This is a great story of resilience. The reader will root for Robin as she faces challenge after challenge. The book addresses many themes: fitting in, immigration, prejudice and discrimination, and fighting bullies. Ha delves deep into the racial injustice, language barriers, and gender roles that she faces trying to assimilate to a culture that ostracizes people for being different. The illustrations are great and have a wonderful use of color. Check out this video from Robin herself as she teaches about drawing comics. https://youtu.be/Fr-DcBTX59A

JCLSarahZ Dec 07, 2020

A powerful graphic novel memoir about the author's move from Korea to Alabama as a teenager. Heartbreaking at times, but well worth the read.

Donna_R Sep 27, 2020

I love an illustrated memoir, and Robin's is one of the best I have read.

h
Herbivore_Reader
Sep 20, 2020

A nice story of learning to fit in and finding one's "hyphenated" (Korean-American) identity.

Tigard_HollyCP Jul 08, 2020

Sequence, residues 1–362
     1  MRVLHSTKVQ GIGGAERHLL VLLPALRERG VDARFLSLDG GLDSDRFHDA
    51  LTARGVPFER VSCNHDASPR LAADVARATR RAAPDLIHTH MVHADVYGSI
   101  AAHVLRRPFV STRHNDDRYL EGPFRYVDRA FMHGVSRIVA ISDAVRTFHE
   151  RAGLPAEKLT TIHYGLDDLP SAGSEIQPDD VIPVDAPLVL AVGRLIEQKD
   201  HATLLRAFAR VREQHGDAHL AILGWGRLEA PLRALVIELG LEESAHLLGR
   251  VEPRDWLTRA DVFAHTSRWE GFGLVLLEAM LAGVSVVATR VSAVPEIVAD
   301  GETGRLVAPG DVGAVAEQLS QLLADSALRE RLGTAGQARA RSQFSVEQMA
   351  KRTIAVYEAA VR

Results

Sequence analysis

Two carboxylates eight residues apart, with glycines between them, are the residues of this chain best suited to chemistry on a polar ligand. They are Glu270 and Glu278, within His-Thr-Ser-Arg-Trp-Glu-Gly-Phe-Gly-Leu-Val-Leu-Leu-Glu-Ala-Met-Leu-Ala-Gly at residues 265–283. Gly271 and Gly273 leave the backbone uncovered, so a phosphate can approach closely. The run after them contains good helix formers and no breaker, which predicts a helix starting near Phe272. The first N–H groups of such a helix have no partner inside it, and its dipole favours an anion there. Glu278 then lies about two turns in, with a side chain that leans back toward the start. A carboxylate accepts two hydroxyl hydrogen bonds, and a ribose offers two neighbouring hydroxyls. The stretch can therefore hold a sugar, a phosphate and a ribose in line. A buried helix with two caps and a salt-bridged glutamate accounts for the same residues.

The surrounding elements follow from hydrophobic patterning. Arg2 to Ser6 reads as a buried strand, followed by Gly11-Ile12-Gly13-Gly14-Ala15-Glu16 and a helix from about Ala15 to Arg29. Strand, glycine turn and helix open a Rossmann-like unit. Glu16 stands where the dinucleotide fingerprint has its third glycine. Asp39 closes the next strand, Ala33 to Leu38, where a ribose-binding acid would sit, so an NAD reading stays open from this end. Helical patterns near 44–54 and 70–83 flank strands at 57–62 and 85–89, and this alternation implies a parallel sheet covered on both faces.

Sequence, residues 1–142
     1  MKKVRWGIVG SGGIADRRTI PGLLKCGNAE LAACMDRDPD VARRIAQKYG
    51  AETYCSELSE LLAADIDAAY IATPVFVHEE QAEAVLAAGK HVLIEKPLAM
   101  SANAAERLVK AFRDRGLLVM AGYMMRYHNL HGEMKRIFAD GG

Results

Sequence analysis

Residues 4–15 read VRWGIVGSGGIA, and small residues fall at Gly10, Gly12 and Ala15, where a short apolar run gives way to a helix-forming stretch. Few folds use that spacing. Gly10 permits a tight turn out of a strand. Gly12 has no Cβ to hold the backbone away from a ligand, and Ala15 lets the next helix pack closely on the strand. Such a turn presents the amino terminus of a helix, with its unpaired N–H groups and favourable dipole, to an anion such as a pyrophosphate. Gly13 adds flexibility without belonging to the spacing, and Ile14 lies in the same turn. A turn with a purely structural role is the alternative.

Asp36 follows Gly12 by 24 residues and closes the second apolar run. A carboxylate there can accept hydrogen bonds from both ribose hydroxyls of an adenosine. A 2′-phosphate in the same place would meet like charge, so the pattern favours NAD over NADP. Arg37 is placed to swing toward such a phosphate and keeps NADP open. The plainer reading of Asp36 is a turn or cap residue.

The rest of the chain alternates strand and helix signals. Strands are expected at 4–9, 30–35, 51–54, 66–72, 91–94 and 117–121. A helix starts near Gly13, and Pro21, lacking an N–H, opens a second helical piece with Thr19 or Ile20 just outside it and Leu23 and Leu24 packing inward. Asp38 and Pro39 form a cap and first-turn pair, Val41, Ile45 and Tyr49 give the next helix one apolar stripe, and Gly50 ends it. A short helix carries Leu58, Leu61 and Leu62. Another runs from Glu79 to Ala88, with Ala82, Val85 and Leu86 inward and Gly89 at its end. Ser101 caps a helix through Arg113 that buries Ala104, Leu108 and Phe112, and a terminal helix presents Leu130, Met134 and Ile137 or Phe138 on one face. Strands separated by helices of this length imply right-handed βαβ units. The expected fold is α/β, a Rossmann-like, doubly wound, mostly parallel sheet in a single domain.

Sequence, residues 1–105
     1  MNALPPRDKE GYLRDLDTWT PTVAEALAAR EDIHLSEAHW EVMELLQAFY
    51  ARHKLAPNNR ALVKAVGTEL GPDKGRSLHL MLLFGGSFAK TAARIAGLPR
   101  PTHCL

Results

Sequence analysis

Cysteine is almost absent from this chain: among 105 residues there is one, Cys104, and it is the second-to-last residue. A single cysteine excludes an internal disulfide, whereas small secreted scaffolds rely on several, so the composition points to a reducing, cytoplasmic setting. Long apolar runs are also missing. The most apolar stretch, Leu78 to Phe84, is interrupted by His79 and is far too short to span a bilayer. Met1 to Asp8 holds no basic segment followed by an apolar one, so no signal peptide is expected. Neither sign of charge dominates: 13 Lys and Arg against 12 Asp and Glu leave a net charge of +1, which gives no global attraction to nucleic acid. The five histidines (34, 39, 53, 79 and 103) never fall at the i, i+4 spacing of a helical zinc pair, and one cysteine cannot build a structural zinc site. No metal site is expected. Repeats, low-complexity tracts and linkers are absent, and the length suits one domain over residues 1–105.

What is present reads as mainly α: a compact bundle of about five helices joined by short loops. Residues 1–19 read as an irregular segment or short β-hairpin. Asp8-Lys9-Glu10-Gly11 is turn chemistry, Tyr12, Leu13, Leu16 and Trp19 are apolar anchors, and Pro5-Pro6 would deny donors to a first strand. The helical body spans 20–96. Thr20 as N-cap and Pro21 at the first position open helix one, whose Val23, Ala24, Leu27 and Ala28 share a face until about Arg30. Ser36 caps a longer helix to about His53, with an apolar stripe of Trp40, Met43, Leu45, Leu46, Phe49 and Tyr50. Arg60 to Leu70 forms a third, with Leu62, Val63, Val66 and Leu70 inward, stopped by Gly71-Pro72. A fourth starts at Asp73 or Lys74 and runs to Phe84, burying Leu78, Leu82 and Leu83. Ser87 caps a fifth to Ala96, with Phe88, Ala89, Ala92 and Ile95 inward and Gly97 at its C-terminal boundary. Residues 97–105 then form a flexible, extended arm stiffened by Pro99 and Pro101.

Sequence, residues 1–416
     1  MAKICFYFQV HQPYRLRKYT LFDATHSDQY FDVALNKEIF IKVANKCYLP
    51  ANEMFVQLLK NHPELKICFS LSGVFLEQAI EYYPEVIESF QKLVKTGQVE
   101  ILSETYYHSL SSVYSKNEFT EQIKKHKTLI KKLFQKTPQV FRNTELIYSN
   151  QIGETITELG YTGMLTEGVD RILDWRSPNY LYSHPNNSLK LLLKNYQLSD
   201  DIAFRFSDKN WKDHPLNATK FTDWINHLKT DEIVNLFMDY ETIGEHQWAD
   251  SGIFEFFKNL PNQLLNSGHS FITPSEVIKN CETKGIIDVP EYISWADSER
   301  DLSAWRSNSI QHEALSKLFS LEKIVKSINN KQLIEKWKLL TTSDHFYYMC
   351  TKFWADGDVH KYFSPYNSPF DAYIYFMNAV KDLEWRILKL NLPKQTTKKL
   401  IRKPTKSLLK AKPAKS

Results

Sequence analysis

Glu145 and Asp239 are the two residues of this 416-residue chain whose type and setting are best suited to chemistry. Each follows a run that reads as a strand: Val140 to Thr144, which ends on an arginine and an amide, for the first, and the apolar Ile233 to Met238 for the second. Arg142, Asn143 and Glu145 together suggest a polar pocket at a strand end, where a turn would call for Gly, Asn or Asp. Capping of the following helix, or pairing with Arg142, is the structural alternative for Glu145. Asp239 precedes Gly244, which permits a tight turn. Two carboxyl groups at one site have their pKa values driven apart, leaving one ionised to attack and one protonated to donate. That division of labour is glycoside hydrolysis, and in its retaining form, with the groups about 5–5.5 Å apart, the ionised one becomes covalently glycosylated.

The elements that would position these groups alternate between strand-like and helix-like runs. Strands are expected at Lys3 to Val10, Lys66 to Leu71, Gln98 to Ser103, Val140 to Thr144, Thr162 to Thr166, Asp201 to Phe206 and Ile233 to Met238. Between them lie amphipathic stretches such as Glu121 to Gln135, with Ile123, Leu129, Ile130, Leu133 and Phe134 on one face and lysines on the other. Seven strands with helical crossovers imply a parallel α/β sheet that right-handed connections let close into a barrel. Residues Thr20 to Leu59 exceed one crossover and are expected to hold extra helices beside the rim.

When Robin Ha was 14 years old, her mom uprooted her from her home in Korea and moved her to Alabama. She left behind her home, her friends, even her beloved comic books for a place she had never heard of and where she could not understand the language. Her only saving grace was a comic creating class where she met her first American best friend. With the initially reluctant permission of her mom, she published this graphic memoir about her experience as a Korean immigrant in the American South. She cleverly uses speech bubbles, font color and captions to tell her story to English readers, even during the part of her life when she only spoke Korean.